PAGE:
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Royal DSM signs agreement with Clariter

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Royal DSM signs agreement with Clariter

Global materials and additives producer will work with Clariter on polyethylene fiber chemical recycling technique. Source: Recycling Today

Netherlands-based Royal DSM, a global provider of plastic resins, chemicals and additives, has announced what it calls a strategic partnership with Luxembourg-based Clariter “to pursue a next-generation chemical recycling solution for products based on DSM’s Dyneema, an ultra-high-molecular-weight polyethylene (UHMWPE) fiber.”

As a first step in the partnership, Royal DSM says a range of sample products – including ropes, nets, and ballistic materials made with Dyneema – have been successfully converted at Clariter’s pilot plant in Poland.

Clariter says its chemical recycling technology can transform some forms of plastic scrap it into “three industrial, ready-to-use product families: oils, waxes and solvents.”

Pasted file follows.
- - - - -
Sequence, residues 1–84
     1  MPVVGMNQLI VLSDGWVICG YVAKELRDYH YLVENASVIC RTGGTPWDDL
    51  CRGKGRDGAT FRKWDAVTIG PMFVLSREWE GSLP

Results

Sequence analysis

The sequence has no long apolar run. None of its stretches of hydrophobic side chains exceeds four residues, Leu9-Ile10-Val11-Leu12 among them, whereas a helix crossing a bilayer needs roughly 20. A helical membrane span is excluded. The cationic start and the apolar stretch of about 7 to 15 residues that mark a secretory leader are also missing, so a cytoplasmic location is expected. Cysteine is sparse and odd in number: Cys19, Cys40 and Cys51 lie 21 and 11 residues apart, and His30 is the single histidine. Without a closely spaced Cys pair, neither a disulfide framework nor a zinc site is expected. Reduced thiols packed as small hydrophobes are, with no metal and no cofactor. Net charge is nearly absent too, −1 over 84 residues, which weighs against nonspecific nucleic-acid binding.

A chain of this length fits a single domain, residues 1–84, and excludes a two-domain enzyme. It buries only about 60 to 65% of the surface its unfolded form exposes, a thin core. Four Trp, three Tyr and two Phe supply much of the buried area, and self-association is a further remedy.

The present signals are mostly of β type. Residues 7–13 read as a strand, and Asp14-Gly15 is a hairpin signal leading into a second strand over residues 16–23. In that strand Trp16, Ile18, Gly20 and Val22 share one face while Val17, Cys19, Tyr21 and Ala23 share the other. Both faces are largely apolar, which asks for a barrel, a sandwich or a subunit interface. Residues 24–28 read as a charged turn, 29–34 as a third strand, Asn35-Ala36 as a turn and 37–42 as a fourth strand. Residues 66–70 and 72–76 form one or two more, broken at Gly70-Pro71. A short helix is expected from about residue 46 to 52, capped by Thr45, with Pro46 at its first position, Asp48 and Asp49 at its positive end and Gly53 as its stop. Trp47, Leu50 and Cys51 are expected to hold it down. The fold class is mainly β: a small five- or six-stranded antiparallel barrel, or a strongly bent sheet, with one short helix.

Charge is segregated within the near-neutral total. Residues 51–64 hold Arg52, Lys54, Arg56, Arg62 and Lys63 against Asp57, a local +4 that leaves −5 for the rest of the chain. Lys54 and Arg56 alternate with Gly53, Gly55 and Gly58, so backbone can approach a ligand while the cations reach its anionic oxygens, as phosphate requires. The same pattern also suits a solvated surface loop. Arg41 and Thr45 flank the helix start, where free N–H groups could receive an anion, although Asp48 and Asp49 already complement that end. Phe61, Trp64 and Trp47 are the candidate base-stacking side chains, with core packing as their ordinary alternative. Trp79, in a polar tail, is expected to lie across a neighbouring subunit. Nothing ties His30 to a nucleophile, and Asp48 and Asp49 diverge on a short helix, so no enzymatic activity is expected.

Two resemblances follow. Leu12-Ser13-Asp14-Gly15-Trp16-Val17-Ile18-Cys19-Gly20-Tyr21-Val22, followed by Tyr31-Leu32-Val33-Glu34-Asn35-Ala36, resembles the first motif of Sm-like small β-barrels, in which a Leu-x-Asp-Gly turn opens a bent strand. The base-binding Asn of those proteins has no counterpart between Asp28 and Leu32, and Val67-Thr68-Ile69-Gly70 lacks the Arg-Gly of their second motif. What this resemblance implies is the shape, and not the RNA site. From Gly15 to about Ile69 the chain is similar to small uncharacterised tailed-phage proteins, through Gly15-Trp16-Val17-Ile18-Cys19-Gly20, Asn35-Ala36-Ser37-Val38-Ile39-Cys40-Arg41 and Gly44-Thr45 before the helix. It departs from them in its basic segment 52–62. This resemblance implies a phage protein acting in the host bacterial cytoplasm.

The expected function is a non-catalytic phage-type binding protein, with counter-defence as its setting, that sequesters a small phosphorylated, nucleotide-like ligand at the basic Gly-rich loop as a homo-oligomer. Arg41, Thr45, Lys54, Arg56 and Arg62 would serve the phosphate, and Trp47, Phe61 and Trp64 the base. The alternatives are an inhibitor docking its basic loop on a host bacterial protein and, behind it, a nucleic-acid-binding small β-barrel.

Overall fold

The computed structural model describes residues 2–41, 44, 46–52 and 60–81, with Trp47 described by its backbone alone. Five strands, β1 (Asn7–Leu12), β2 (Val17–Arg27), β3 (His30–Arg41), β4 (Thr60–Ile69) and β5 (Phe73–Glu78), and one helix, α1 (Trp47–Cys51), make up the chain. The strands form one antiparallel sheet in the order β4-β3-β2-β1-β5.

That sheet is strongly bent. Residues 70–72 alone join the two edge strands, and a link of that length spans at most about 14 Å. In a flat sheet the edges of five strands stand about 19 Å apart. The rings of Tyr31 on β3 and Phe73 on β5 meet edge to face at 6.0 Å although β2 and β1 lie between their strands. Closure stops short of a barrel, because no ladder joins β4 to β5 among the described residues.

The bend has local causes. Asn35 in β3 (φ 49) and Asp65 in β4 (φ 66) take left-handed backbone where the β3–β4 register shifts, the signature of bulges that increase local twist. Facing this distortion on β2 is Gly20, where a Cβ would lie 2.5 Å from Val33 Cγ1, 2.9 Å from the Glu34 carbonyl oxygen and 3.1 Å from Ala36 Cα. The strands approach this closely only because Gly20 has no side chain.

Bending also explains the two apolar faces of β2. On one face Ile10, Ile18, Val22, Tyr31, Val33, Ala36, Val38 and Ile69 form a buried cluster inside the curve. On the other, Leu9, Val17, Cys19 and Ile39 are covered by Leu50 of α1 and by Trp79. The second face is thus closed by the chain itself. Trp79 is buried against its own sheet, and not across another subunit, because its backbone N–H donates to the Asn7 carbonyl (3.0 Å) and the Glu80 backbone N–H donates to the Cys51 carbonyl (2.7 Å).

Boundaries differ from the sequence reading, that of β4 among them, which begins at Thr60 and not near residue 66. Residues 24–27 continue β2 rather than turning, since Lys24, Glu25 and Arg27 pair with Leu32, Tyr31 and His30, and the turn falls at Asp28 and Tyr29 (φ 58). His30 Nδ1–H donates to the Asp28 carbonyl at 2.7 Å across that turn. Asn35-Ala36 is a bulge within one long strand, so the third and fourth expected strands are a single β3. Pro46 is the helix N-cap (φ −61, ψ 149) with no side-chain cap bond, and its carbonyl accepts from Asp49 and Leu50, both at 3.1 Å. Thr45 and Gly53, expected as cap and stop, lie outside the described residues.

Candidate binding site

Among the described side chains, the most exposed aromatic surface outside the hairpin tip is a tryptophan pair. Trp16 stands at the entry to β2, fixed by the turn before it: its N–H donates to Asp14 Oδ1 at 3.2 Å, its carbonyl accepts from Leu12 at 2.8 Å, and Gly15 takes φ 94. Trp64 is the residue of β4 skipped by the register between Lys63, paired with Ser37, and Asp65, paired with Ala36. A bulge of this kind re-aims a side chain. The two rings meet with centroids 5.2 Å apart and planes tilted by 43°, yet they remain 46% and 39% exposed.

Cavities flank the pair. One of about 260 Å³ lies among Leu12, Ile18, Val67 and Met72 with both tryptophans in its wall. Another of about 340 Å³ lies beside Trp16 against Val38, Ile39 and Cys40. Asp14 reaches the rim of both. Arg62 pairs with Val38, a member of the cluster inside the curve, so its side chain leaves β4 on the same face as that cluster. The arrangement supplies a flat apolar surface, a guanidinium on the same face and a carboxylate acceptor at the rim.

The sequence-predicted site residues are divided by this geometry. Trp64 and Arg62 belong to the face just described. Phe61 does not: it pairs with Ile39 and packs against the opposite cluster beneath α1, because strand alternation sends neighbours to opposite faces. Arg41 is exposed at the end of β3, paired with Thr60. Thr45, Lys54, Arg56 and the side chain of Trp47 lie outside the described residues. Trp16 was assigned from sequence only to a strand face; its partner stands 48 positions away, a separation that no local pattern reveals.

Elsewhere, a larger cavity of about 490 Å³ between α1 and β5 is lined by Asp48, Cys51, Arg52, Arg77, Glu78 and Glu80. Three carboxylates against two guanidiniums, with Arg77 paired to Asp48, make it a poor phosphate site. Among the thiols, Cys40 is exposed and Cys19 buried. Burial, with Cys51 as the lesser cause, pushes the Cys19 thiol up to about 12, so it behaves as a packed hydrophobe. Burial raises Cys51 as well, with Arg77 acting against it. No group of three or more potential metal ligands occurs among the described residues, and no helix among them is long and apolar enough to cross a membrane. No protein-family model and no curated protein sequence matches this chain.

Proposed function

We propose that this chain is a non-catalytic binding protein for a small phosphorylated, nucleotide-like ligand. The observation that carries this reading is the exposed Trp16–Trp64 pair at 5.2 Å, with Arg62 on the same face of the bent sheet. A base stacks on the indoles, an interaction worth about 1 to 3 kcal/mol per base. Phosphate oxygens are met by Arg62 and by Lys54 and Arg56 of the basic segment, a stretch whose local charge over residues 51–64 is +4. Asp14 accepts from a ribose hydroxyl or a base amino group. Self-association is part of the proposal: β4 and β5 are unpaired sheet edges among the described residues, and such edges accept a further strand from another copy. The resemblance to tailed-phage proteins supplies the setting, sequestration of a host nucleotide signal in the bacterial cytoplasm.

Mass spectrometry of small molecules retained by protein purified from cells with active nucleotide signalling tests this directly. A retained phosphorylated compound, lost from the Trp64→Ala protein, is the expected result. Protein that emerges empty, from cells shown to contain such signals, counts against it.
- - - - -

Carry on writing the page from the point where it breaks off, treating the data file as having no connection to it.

These results mark the next important step on the circularity journey of DSM Protective Materials. Recyclability is key to us, our customers, and society at large and achieving this requires cross-value chain efforts. To this end, we’re looking forward to continuing to build our partnership with Clariter, and to continue using our science-based capabilities to deliver on our purpose of creating brighter lives for all.

Roeland Polet, President, DSM Protective Materials

According to Royal DSM’s website, its Protective Materials such as Dyneema are used “in everything from footwear and apparel to cut-resistant gloves to body armor.”

Looking at the logistics challenge to collect many tons of used marine ropes, nets and ballistic materials is daunting. However, when an economical route presents itself, suddenly the next horizon seems within reach. We are pleased to work with DSM to perform R&D on what we have dubbed ‘exciting exotics,’ and plan to use it as part of our raw materials in the full-scale plants we will build in Europe.

Petra Koselka, Chief Operations Officer, Clariter

Clariter says it has scheduled commercial-scale trials at its facility in South Africa for 2021, with the aim to use Dyneema-derived feedstock in its full-scale European plants planned to be built in the future.

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